Mary has become a strong voice for Australia’s commercial fisheries and an advocate of their sustainability and development. ‘I have a lot to say and I want to be heard,’ Mary says, ‘but I realised that if you are going to be heard you need to get involved. You need to be educated and reasonable, and you need to present well.’

And so, in addition to her more academic pursuits, Mary has also taken public speaking courses, completed the Australian Company Director’s Course and more recently has undertaken a course in media training. In 2010 her research and practical fisheries work awarded Mary the Sydney Fish Market’s excellence in environmental practice award.

Mary’s first paper, ‘Aquatic ecosystem productivity relies on water managers and sustainable cities,’ was a convincing argument against the pressure placed on wild harvest fishers like Mary, Graham, their friends and family. ‘I thought it was time the rest of the community realised the effect they too have on our waterways,’ she says, ‘from recreational fishing to every day water use; people just don’t understand the collective impact that all water use has on the productivity of our aquatic ecosystems.’

Mary argues that the wild harvest fishing industry in NSW is constantly being challenged yet constantly meeting those challenges. ‘We keep adjusting and have established that this is a sustainable industry but still policy and the community primarily focusses on sustainability, and ‘wild harvest fishers’ are always the target’.

The commercial wild harvest fishing industry is indeed shrinking. Forty years ago there were over 6000 commercial fishermen in NSW and today they number less than 1200. As Mary says, there is no incentive at all for anybody to enter into this industry, ‘we see incidences of suicide at the extreme end, and across the board fishermen are discouraging their children to join the industry.’

Of Mary and Graham’s three children, one son is working as a commercial prawn fisherman and another was in the industry but has moved to another sector after an injury. Their daughter, who lives two doors up, works in real estate.

All her working life, Mary has been involved in family businesses; from helping her parents run their market garden as a child to working alongside her husband in their prawn fishery and boat building business. ‘Family is the driving force for everything I do,’ she says. And as we walk around the garden, evidence of Mary’s commitment to her family is all around us – literally.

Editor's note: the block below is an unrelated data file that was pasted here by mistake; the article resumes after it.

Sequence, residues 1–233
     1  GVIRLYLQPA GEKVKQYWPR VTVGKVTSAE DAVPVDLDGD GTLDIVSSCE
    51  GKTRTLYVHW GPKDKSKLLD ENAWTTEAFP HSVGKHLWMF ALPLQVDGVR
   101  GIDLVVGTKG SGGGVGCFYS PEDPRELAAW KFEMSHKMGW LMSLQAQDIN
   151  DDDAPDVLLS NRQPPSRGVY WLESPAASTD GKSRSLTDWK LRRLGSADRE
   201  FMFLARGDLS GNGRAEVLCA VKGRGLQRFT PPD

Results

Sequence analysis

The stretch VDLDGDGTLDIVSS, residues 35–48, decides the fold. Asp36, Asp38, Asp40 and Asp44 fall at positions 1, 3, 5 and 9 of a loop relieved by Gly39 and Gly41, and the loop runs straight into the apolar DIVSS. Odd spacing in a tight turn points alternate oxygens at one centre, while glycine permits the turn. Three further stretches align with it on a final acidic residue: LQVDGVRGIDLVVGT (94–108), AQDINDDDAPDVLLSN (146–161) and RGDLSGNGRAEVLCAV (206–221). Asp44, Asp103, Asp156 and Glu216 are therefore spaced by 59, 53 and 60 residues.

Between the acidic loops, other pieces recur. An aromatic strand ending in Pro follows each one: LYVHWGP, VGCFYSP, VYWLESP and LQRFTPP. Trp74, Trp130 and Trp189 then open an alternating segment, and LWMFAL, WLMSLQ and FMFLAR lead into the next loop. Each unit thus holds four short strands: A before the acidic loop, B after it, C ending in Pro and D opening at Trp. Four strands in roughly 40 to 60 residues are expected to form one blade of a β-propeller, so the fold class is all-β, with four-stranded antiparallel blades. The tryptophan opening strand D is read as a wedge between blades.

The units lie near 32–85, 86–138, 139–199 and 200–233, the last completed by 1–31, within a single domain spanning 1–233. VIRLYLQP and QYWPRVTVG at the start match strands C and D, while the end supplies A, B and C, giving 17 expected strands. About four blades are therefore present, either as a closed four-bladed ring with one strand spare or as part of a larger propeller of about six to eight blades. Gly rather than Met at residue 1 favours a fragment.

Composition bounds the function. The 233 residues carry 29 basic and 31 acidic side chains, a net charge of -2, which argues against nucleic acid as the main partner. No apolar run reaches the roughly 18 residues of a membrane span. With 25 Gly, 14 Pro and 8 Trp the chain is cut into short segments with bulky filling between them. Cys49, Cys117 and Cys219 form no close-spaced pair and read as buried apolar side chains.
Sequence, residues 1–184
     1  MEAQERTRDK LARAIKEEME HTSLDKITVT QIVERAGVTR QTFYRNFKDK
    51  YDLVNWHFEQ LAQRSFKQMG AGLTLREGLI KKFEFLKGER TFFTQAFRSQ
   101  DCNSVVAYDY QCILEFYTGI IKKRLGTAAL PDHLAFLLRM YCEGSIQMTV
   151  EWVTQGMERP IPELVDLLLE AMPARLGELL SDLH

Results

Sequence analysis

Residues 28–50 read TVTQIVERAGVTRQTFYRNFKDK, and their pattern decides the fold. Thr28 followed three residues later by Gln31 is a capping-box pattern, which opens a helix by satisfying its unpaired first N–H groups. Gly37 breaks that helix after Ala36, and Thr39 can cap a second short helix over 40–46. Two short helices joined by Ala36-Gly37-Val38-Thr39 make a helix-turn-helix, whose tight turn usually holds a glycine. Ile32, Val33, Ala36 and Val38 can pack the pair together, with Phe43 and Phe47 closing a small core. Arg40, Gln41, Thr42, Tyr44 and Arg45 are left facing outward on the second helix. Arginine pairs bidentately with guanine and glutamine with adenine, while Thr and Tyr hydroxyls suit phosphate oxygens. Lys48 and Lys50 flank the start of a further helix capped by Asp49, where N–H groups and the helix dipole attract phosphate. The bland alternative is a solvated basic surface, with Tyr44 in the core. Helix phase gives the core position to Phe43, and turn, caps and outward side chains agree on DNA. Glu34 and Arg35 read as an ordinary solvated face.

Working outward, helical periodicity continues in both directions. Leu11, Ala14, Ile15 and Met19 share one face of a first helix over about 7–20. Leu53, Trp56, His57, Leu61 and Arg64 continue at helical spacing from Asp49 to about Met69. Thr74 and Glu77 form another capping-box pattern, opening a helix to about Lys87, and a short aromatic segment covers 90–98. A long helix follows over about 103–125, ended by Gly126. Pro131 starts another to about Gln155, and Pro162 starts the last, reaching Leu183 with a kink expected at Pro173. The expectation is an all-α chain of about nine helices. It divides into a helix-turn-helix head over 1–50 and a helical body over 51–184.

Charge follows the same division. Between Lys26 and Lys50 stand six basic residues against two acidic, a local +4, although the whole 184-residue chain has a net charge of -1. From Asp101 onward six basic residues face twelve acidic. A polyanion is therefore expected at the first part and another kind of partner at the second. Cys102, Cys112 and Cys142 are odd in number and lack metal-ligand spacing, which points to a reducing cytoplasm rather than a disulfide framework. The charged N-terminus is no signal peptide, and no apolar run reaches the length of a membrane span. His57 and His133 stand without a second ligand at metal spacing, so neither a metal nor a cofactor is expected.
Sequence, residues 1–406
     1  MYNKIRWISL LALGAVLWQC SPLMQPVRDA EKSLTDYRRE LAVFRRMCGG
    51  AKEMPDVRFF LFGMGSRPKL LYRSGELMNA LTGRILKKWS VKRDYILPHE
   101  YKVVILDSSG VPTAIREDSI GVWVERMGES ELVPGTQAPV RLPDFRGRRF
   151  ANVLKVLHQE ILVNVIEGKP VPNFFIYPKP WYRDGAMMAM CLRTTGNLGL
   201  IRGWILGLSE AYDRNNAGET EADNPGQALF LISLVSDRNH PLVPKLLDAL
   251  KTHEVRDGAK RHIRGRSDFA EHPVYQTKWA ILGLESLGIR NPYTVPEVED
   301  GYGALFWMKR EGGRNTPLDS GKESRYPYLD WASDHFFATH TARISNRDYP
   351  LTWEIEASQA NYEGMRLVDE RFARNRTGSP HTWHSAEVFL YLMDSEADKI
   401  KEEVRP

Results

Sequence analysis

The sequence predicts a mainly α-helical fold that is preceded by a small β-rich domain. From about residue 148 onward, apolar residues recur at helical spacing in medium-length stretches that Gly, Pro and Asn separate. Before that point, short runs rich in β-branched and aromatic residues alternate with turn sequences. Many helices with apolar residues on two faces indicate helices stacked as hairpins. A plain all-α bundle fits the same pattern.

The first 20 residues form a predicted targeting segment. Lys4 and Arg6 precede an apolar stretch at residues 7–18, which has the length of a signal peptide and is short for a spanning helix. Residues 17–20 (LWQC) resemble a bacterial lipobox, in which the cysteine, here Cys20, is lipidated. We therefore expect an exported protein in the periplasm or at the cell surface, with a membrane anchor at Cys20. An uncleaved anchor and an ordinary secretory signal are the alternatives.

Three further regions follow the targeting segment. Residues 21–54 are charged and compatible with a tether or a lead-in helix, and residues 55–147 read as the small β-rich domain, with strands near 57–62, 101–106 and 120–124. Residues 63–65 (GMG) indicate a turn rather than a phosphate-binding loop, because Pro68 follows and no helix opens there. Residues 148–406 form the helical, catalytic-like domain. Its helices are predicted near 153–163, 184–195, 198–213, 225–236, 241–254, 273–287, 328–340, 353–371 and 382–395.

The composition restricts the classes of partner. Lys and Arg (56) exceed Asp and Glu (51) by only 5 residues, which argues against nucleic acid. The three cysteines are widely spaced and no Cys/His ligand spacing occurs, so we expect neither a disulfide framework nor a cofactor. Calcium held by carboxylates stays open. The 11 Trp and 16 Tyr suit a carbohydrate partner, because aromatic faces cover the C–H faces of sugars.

After taking an owner builder course this year, Mary is now renovating the house to provide more room for family gatherings. She drafted up drawings and had full plans drawn up, then, ‘much to the amazement of my husband, submitted them to council.’ Now, with Graham’s help and the occasional contractor, she is not only running a business, researching and continuing her advocacy work but also renovating a house.

Did I mention she is just over 65 years old? ‘Oh yes, I’m a fair way of retiring I hope,’ May says.

Mary is a seriously impressive woman. From leaving school in year 10 she has gone on to educate herself to the point that her research papers are now affecting legislation changes and all the while has worked her own family fishery, raised three children and become a strong voice for women in commercial fishing.

With yet another review of the commercial wild harvest fisheries industry due out within months, Mary is bracing for yet another round of cuts to the industry and is preparing yet another paper to argue against them. Watch this space!

About nswrwn

NSW Rural Women’s Network is a government program working in innovative ways to promote leadership and action on rural women’s issues. The RWN team is dedicated to connecting and exchanging information with women and stakeholders in rural, regional and remote communities.
This entry was posted in business, food, leadership, primary industries, RIRDC rural women's award, rural women, women, women's networks and tagged . Bookmark the permalink.